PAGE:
Wednesday, November 27, 2013

Did chariots & cavalry drive social complexity for 3,000 yrs.? (letter to PNAS)

Battle scene decoration on the chariot of Thutmose III
(click to enlarge)
(It's holiday time, so it's probably a good time for non-risk, non-InfoSec posts.  Time for war chariots!)

tl;dr:  I wrote a letter to PNAS disputing the claims made by a famous author in a recent article.  My beef was with their modeling methods. We'll see if it gets published and if the author(s) respond.

Friday, November 22, 2013

"Prediction" vs "Forecast"

The "Bonds Shift" was based on a forecast.  In contrast,
the decision to intentionally walk him so often
(120 times in 2004) was based on a prediction that
the shift wouldn't work well enough.
We sometimes hear arguments against quantitative risk analysis that include a claim that "you can't predict what intelligent adversaries will do".  In reply, advocates often say "we don't aim to predict, but instead to forecast", but that rarely settles the argument because people don't agree on what those terms mean and if they are even different.

Most recently, this topic was debated by the hosts of the Risk Science Podcast Ep. 9, (31:10 to 55:00).

Summarizing the debate: two hosts say there’s no meaningful difference between “prediction” and “forecast” because they are both probabilistic statements about the future -- plus real people don’t care. In contrast, two hosts disagree, saying there is a meaningful difference and real-world people do care.

I side with the people who say there is a meaningful difference, but I’m not sure the essence of the difference came out in the podcast conversation. I do think that Jay’s statement at 31:10 is the best jumping off point.

 The main difference between "prediction" and "forecast", in my opinion, has to do with what actions you take based on the information and what uncertainty is communicated.

Thursday, November 14, 2013

Several pieces of good news

Sorry I haven't posted in a while.  I've been pretty busy with research work -- writing papers for conferences, mostly.  But I've got some good news to report.

Cash will be flowing as nature intended.
First, I'm starting a full-time job at a Financial Institution* with the title Security Data Analyst/Scientist, which I choose to shorten to Security Data Scientist.  This is a big deal on many levels.  One of  the best things is that their capabilities are comparatively mature and the leadership is both visionary and pragmatic.  This means that I hope to do some fairly compelling analysis drawing on some rich data sources and previous analysis rather than having to start from scratch.

(* My Twitter followers will know.)

I'm continuing my PhD program part-time, with focusing on my dissertation.  I hope to complete that in 2014.

Also, I'll continue blogging here on all the same topics.

Second, I'm very happy to say that I've had a talk accepted at the RSA Conference in February 2014, co-presenting with David Severski:
10 Dimensions of Security Performance for Agility & Rapid Learning
2/26/2014, 10:40 AM - 11:00 AM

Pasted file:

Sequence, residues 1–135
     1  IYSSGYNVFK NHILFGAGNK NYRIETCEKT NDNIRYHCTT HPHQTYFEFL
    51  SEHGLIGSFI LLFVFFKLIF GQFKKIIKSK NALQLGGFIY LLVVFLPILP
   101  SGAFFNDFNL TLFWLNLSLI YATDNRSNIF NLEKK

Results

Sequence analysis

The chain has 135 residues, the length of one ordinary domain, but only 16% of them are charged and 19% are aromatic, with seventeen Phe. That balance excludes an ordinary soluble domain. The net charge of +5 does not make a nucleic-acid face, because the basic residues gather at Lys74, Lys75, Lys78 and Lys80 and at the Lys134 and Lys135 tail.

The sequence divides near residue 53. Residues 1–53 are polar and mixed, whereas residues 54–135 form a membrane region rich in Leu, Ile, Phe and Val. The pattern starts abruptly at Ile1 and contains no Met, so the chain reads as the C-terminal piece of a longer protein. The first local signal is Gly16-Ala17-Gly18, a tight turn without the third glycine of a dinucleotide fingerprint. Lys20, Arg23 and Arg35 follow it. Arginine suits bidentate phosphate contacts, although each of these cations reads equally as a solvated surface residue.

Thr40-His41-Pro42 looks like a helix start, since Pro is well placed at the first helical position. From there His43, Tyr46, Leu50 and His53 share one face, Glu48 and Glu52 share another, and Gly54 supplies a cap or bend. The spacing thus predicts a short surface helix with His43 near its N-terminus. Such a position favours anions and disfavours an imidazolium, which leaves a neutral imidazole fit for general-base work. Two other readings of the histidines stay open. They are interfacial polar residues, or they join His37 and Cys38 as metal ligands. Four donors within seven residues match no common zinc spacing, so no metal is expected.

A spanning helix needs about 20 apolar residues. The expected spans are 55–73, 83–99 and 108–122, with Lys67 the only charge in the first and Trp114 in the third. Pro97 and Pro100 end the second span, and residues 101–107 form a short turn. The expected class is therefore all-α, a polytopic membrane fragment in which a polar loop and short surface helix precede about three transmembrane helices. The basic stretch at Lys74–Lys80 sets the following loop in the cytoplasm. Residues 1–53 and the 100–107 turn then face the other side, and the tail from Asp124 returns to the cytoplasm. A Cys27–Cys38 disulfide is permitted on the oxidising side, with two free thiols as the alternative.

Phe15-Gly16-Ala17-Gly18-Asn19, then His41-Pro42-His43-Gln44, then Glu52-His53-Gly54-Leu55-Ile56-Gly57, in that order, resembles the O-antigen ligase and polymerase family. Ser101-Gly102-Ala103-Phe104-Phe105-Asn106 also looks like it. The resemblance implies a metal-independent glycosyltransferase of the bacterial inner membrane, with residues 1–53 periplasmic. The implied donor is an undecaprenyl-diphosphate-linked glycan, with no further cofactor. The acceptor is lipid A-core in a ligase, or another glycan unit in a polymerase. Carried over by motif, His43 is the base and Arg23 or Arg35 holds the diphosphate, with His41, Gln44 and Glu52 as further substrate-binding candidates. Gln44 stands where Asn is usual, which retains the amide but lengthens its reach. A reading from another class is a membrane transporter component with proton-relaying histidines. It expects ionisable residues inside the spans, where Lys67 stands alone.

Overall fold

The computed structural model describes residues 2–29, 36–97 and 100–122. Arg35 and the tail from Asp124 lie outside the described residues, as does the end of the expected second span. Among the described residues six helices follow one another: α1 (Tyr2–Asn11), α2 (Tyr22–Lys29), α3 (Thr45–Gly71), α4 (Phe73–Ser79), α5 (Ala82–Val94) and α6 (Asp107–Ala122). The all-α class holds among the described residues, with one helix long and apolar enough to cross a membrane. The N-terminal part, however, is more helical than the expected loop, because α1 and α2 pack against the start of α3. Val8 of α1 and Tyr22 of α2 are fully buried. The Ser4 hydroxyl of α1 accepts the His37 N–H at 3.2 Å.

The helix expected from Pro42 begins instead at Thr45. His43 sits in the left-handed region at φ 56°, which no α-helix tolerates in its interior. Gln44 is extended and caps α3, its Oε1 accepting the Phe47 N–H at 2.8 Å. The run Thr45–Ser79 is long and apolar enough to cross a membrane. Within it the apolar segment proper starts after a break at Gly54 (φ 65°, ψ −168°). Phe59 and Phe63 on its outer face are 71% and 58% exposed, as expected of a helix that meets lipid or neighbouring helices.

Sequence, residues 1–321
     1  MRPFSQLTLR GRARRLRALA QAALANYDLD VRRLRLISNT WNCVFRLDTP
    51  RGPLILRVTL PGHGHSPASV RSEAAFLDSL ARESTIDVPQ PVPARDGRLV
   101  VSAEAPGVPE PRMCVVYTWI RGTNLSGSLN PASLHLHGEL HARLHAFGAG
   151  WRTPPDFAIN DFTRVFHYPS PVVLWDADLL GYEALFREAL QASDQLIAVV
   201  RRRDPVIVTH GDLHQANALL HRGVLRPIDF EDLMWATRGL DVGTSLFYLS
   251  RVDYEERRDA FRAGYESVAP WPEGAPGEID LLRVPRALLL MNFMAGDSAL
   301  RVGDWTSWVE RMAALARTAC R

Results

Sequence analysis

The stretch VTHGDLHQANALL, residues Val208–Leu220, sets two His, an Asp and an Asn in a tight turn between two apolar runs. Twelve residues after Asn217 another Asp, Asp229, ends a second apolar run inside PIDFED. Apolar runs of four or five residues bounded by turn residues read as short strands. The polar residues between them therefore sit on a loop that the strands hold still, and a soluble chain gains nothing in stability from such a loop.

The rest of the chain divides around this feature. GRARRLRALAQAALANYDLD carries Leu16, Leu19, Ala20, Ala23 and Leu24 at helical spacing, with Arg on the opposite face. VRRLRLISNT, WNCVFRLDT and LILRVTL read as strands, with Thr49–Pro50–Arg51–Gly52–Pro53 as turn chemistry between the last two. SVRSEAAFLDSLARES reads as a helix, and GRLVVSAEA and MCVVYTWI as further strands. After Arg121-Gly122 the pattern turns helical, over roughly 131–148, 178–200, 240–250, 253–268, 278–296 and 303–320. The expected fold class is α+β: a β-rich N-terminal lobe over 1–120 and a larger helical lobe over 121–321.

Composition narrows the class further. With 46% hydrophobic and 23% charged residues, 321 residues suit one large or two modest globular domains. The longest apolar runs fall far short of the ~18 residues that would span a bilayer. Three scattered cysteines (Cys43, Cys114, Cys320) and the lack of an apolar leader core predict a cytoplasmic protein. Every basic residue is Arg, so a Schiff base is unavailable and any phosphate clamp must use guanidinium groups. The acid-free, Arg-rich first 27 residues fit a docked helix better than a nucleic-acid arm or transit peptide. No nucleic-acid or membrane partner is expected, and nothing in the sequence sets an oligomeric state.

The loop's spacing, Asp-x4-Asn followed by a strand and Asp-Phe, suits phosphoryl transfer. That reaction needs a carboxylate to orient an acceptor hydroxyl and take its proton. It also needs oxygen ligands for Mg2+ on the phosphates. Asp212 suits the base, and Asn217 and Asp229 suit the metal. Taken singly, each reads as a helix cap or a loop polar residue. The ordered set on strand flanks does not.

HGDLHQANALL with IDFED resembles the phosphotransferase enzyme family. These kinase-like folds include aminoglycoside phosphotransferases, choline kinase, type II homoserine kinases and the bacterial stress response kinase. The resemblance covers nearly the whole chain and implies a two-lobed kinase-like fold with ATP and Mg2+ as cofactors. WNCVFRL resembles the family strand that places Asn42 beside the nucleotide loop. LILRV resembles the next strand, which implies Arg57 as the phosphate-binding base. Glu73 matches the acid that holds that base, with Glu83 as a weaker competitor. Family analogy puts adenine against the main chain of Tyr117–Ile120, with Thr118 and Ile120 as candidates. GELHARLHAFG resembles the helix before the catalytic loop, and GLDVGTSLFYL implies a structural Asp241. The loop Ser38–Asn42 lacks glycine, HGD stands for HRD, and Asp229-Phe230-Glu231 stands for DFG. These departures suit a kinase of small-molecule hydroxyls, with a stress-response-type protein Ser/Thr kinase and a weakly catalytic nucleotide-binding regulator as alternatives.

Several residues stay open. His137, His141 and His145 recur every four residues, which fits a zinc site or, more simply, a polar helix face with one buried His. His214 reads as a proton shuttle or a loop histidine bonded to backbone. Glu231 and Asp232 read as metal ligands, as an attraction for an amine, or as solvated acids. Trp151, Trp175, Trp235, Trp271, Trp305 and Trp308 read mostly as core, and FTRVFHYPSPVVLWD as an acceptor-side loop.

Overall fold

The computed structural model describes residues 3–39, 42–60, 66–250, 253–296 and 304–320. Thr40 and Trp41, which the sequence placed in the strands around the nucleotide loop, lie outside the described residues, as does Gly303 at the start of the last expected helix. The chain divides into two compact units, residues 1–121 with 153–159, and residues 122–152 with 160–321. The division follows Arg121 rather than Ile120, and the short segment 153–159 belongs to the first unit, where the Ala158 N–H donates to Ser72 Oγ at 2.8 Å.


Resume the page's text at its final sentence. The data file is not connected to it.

Abstract: Information security is an innovation arms race. We need agility and rapid learning to stay ahead of adversaries. In this presentation, you'll learn about a Balanced Scorecard method called the Ten Dimensions of Cyber Security Performance. Case studies will show how this approach can dramatically improve organization learning and agility, and also to get buy-in from managers and executives. 
This is a 20 minute time slot, and there's no way that I can compress my 60 minute or 45 minute versions of "Ten Dimensions" into such a short time.  Therefore, David and I are going to cook up an extended "trailer" that conveys the basic idea of double loop learning in practice (David is doing some neat stuff that we'll try to "fly through").  In parallel, I hope to have some videos, webinar, or other media that people can go to in order to get a proper introduction and survey.

Also, I've proposed a peer-to-peer session at RSA on a related theme: "Building a Quantitative Evidence-based Security & Risk Management Program".  I should hear later in November whether it's been accepted.  It will be an hour long session and I will only be facilitating, but it should be a good time for Q&A, sharing insights, etc.

Finally, I'll be presenting a SIRA webinar "Big 'R' Risk Management - from concept to pilot implementation".  This is basically the same talk I gave at SIRAcon, but some people couldn't attend that session (we had parallel tracks) and many people couldn't attend SIRAcon at all.  I think it'll be in December, but there isn't a date set yet.

I've got some good blog posts in the works, including Game Theory Meets Risk Analysis, several more Shades of Black Swans, a review of RIPE, some philosophy, and others.   Thanks for reading and thanks for your comments, both here and in other media.


One more bit of good news from a completely different domain: the book Chasing Chariots is coming soon!  Includes most of the papers presented at the First International Chariot Conference held in Cairo in December 2012.  The evolution of technology in the Late Bronze Age became an strong interest (a.k.a. compulsion) of mine a couple years ago, with particular focus on the so-called "first revolution in military affairs" -- the war chariot.  Beyond just curiosity, I'd like to do some serious research in this area, but short of getting a second PhD, the only way it's going to happen is if I can find some collaborators (after I graduate!).

Periodically, I'll post some war chariot stuff here.  Bruce S. has his squids;  I have my war chariots.